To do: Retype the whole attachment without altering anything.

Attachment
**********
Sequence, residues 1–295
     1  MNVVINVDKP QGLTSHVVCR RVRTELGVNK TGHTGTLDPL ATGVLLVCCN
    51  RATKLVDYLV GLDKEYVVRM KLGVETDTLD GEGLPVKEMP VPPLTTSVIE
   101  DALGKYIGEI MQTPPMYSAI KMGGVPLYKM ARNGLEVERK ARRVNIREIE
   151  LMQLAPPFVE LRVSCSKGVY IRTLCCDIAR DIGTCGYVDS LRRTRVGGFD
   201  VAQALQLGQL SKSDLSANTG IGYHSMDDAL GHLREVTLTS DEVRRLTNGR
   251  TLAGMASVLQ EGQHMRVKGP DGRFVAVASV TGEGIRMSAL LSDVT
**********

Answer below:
Sequence, residues 1–295
     1  MNVVINVDKP QGLTSHVVCR RVRTELGVNK TGHTGTLDPL ATGVLLVCCN
    51  RATKLVDYLV GLDKEYVVRM KLGVETDTLD GEGLPVKEMP VPPLTTSVIE
   101  DALGKYIGEI MQTPPMYSAI KMGGVPLYKM ARNGLEVERK ARRVNIREIE
   151  LMQLAPPFVE LRVSCSKGVY IRTLCCDIAR DIGTCGYVDS LRRTRVGGFD
   201  VAQALQLGQL SKSDLSANTG IGYHSMDDAL GHLREVTLTS DEVRRLTNGR
   251  TLAGMASVLQ EGQHMRVKGP DGRFVAVASV TGEGIRMSAL LSDVT